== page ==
Tuesday, January 31, 2006
He finally came in at about 8:45, coated in frost and grinning. He had held off running all day as he waited for the ash to come. Finally, at about 5 p.m., he got sick of waiting and took off for what he planned to be his longest training run before the Little Su 50K ... while it was 8 degrees outside ... and with the continuing threat of ash fall. And he ran 27 miles. Twenty seven miles! The first thing he asked was whether or not I went biking outside today. "To bad," he said. "You probably could have had 500 miles in January."
Holy cow! Is it already Jan. 30? I am a wimp. I didn't even realize it.
Monday, January 30, 2006
January mileage: 460.7
Temperature upon departure: -10
Today's ride was sponsored by Shawn in Arizona. Shawn's site has some great pictures of desert places that I miss, especially when the temperature is -10.
Today I did a quick highway ride in the morning, rolling alongside the Matanuska River 11 miles from Palmer and back. But I finally succeeded in impressing my friend Craig with my biking prowess when I told him I rode by "The Butte" (which is about eight miles from his house.) "You rode all the way out there?" he said. He was amazed.
I had to finish up early because I had a lot to do today, but we did make it out to Goose Lake in Anchorage to catch the last few laps of the Frigid Bits race. I met Tim at the end of his 10-mile race, as well as a few of Anchorage's hardcore winter cycling enthusiasts. It was funny to meet so many people that knew "of" me, because of this blog.
But Frigid Bits looked like a fun race - about eight cyclists on the course when we arrived, all spread out across a small lake, tearing around hairpin turns and huffing and puffing through their neoprene masks as they went by. It was especially fun to watch this guy (photo), who raced 15 miles of lake ice on a track bike. He was cruising, too. Look how fast he's going! I couldn't even get the guy in focus, he was going so fast (OK, OK, so that's actually an effect of my camera handling skills and not his speed.) Still, he's cool. The only way I could ever dream of being cooler than him is to show up to the next Frigid Bits race on the yellow banana-seat huffy I rode as a 6-year-old. I wonder if I could get my mom to pull that out from storage.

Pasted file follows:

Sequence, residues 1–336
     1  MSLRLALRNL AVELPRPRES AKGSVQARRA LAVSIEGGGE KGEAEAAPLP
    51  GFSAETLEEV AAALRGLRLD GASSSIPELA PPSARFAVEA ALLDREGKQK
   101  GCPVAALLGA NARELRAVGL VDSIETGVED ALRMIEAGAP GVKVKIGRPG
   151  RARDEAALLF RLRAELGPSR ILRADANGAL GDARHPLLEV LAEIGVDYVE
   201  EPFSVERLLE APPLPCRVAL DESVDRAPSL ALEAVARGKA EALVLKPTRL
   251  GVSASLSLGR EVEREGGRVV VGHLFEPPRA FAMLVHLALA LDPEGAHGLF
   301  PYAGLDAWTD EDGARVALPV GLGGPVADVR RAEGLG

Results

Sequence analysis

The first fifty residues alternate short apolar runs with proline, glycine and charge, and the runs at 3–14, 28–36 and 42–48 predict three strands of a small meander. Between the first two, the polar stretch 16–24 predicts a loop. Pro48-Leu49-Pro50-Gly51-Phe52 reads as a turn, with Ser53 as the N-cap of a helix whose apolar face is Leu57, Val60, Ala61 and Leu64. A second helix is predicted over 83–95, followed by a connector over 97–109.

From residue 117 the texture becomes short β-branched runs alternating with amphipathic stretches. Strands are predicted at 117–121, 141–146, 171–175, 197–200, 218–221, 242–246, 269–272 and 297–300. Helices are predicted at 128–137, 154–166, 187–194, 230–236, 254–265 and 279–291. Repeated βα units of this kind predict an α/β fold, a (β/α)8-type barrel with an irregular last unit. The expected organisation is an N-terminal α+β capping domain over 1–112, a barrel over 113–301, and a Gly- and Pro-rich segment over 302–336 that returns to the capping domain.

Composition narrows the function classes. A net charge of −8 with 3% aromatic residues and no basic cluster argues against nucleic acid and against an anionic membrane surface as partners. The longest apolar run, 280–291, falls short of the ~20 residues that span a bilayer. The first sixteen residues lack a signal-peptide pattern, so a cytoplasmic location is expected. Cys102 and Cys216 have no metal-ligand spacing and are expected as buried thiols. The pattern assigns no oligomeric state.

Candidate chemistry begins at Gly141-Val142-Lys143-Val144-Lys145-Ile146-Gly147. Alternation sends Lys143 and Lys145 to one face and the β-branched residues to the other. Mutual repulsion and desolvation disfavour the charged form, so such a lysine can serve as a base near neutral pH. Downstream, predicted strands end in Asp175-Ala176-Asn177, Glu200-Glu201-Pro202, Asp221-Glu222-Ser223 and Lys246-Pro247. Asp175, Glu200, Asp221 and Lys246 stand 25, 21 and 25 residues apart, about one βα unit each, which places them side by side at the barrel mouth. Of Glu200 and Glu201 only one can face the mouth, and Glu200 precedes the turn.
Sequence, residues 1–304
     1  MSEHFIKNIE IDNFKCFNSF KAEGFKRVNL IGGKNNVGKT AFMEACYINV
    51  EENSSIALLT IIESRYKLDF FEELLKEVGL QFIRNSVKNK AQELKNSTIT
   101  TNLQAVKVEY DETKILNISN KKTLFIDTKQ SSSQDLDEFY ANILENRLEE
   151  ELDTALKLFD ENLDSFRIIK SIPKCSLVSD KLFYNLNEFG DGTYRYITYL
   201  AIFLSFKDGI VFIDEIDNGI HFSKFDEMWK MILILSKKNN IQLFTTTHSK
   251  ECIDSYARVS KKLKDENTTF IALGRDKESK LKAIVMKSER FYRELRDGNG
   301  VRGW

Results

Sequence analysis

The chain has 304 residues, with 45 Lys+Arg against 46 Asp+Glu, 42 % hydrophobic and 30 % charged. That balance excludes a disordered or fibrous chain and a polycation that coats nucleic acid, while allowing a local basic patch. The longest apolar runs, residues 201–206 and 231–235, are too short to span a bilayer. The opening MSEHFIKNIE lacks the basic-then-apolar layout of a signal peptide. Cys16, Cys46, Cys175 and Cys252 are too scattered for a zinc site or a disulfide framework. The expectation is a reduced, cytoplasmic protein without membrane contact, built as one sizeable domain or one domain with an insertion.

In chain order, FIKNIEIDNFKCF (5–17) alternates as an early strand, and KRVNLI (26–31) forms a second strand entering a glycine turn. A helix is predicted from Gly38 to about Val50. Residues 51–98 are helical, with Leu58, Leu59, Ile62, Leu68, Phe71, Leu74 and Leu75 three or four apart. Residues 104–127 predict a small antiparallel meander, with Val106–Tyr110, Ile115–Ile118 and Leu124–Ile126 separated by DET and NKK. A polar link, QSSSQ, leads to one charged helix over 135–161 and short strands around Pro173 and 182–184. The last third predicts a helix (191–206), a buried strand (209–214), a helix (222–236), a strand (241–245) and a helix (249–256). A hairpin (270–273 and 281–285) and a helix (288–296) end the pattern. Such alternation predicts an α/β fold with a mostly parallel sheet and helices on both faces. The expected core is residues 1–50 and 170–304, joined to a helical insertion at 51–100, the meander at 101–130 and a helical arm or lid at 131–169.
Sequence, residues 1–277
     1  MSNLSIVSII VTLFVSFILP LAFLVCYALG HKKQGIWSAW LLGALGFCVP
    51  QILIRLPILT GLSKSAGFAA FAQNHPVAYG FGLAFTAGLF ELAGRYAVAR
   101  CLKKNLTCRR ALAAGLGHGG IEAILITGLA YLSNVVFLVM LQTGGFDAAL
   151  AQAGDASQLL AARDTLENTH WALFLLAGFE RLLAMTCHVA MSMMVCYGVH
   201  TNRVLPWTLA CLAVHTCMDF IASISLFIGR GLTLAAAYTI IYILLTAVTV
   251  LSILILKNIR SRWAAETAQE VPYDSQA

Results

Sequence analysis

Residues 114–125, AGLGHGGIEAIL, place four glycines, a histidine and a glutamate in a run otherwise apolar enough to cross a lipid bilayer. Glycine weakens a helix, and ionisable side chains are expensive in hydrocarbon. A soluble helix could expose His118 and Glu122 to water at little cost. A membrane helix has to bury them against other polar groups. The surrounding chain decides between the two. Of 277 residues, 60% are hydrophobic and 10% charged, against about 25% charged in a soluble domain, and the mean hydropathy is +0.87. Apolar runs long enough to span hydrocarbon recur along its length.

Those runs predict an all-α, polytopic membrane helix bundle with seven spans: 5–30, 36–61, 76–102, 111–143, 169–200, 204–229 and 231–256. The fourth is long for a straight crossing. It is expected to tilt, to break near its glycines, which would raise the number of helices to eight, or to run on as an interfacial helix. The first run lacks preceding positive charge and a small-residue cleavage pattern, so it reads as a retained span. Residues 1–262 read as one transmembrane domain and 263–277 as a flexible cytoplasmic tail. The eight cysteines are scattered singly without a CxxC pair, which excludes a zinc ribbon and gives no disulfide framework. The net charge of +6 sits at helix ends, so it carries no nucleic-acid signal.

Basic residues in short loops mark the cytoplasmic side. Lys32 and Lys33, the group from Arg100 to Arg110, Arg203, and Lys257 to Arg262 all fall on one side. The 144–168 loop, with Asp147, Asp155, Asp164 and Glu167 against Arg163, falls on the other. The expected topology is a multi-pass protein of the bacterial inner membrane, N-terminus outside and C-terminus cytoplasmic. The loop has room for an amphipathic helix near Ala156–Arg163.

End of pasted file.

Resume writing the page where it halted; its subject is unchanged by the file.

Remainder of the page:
This seems like the kind of race that could be huge in Alaska in a few years. They definitly have a good start. I actually used to work for the guy who started the whole Lotoja concept (he went to school at Utah State University, liked to play in Jackson, Wyo., and wanted to see if he could bicycle between the two in one day.) So I know it dosen't take much to build a real world-class event if you have to right mix of unique concept, dedicated organizers and a core group of rabid participants. So keep up the good work, guys.
Sunday, January 29, 2006
January mileage: 438.4
Temperature upon departure: -7
... The Iditarod trail. Is. Slow.
Of course, everything about today was exactly what I would expect of such an excursion. Temps were cold, but not unreasonably so. The trail was soft, but all-in-all better than I expected. Mt. Augustine decided today was the fourth of July, but all the ash headed south. Yes, today was a good day. An encouraging day. And yet, I feel the cold grip of this daunting task tightening around me. It could be my neoprene gear. But, no. I think it's the Susitna 100. It's going to be hard.